Northwestern University Robert R. McCormick School of Engineering and Applied Science

Advanced Manufacturing Processes Laboratory

Custom Toolpath Software

AMPL Toolpaths - Toolpath Generation for Incremental Sheet Forming

Software Creator: Newell Moser, PhD Candidate
Advisers: Prof. Jian Cao and Prof. Kornel Ehmann
Advanced Manufacturing Processes Laboratory (AMPL)
Mechanical Engineering, Northwestern University

AMPL Toolpaths is a minimalist software product designed for the purpose of creating and visualizing incremental sheet forming (ISF) toolpaths. ISF is a flexible process in which a sheet of metal is formed by a progression of localized deformation. It is flexible because specialized tooling is not required; a simple tool moves over the surface of the sheet such that a highly localized plastic deformation is caused. Hence a wide range of 3D shapes can be formed by moving the tool along a correctly designed path. The principle goal which motivates the development of ISF is the possibility of forming sheet metal without the need to manufacture specialized dies. This is particularly advantageous for small batch or customized production. ISF is still in active research and improved forming strategies are continuously being proposed in the field.

The generation of toolpaths in ISF presents rather unique challenges compared to conventional toolpath design, as is commonly found in CNC machining. In CNC machining, it is safe to assume that material will be removed/cut in and around the tool’s current location, which in CAD terms, can be captured using a simple negative boolean operation between the tool and solid work piece. On the other hand, the metal sheet in ISF bends, locally thins, stretches, and springs-back during the forming process which are all challenging to predict and account for during toolpath generation. AMPL Toolpaths uses various novel procedures, many of which are still being actively researched (e.g. AMPL website), to overcome some of the aforementioned challenges and produce reliable toolpaths specific to the ISF process.

The CAD engine in AMPL Toolpaths was coded on top of Open CASCADE Technology 7.1.0 (LGPL V2.1) while the front-end, or graphical user-interface, was designed using Qt 5.8.0 (LGPL V3.0). These C++ libraries were chosen in an effort to keep AMPL Toolpaths “free” in terms of licensing while simultaneously providing a modern, intuitive implementation of today’s popular CAD technology. AMPL Toolpaths, however, is not a substitute for modern Computer-Aided Engineering software (e.g. Dassault Systèmes SolidWorks, Siemens NX, PTC Pro/Engineer, etc.). The design and creation of general CAD surfaces, which represent the user’s desired part to be formed, must still be made using external CAD products and then imported into AMPL Toolpaths.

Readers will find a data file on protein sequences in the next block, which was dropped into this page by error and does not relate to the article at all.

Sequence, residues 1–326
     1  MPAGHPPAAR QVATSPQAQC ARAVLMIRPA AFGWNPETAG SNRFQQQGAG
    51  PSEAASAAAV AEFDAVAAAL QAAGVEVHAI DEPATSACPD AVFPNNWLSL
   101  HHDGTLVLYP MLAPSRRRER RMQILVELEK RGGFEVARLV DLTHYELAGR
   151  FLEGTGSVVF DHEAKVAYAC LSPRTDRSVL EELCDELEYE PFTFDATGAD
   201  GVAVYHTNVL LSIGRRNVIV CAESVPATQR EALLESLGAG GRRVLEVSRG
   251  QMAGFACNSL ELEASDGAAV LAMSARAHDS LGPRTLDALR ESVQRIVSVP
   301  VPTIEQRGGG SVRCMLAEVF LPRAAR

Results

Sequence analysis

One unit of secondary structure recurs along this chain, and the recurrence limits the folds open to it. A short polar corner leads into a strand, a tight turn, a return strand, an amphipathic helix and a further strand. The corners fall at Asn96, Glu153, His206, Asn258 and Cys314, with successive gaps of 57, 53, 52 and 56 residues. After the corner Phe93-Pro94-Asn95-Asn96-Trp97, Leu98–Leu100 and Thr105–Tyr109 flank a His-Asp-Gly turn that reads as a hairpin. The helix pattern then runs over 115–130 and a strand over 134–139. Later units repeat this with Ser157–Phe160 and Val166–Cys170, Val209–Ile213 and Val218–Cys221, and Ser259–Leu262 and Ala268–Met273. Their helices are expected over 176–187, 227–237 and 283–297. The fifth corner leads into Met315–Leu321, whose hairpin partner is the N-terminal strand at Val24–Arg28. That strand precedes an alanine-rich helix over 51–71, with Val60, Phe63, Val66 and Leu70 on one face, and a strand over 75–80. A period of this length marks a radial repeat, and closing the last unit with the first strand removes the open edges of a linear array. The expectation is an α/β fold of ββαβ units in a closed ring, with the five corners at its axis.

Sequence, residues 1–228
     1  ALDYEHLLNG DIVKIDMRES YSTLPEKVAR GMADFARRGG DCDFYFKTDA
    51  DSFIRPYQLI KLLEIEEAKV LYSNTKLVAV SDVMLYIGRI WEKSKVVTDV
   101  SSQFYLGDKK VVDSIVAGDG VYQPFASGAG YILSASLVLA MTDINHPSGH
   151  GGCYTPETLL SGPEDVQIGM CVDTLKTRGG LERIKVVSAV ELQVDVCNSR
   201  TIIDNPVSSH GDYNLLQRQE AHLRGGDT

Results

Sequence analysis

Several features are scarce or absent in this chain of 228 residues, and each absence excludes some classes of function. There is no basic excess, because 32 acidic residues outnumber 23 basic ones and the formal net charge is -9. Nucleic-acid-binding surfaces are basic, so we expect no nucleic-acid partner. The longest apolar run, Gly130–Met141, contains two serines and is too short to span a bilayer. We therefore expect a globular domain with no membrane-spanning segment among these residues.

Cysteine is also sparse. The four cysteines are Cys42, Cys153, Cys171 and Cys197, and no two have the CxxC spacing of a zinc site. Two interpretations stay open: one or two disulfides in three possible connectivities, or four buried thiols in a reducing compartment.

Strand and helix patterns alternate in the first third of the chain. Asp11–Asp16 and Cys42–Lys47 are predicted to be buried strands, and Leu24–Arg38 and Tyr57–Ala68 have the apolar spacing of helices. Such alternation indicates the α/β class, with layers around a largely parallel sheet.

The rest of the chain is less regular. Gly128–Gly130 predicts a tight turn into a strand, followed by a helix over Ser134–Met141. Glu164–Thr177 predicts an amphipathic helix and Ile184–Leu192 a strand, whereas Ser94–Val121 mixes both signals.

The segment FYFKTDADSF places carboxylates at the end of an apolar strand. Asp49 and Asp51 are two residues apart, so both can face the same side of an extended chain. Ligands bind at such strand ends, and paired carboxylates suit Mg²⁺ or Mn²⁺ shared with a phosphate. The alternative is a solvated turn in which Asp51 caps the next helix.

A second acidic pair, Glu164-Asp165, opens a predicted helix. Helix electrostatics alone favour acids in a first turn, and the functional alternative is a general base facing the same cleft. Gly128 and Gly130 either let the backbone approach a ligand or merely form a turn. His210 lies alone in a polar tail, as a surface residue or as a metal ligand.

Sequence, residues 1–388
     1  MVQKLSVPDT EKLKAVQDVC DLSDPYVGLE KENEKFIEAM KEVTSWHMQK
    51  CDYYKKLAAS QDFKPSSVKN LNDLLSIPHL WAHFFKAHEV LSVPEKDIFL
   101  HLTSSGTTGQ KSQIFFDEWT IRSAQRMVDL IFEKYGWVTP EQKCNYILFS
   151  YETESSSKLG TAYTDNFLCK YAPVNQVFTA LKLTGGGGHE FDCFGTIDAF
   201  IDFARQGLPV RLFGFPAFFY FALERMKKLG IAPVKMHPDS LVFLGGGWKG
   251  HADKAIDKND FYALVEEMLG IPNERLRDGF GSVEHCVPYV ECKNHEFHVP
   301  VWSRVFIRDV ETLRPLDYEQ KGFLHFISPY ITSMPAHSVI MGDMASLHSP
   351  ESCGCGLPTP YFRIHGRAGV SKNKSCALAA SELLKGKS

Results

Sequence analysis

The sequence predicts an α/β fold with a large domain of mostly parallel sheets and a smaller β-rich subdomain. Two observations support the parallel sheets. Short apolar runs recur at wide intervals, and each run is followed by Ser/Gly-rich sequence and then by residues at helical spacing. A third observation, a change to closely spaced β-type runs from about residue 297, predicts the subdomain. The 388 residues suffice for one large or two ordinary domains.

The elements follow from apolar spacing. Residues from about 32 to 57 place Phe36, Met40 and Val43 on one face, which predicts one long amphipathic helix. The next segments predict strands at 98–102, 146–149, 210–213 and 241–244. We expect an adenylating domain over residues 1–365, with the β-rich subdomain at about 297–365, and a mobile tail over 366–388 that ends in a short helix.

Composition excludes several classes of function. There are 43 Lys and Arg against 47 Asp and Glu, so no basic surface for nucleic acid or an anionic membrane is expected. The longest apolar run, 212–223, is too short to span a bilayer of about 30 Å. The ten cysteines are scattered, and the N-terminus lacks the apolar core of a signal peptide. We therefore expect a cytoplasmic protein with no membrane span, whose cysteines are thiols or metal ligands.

If you’re interested in learning more about AMPL Toolpaths and/or trialing the software, please contact Prof. Jian Cao.

Figure 1 Description of the various tools that are shown during the startup screen of AMPL Toolpaths. The dockable View Toolbar is shown by the buttons described in 1 – 8. The Workspace where parts and toolpaths will be visualized encompasses the large, central black box. Progress Information is provided to the user in 9 (the History Dialog), while small user-tips are provided by hovering over each button and simultaneously given by 10 (the Status Pane).



Figure 2 Adaptive z-slicing to help retain a constant scallop height between subsequent tool passes, which helps to directly control the resultant part’s surface finish.

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Figure 3 Both convex and concave CAD geometries can be used for toolpath generation of either SPIF, TPIF, DSIF, or ADSIF machine configurations all while using a variety of advanced features: spiral generation, varying the squeeze factor, output local geometric the local surface normal vector and curvature tensor, linear ramping between z-level slicing, and much more.

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Partial support from the Lightweight Innovations for Tomorrow (LIFT) consortium, sponsored by U.S. Office of Naval Research. Academic & Industry Members of the LIFT Agile-R1-1 project: UMich, OSU, MIT, Boeing, and Lockheed Martin.

Further support from the National Science Foundation (Graduate Research Fellowship Program) and Northwestern University.

Many thanks to all graduate students for your beta-testing research help!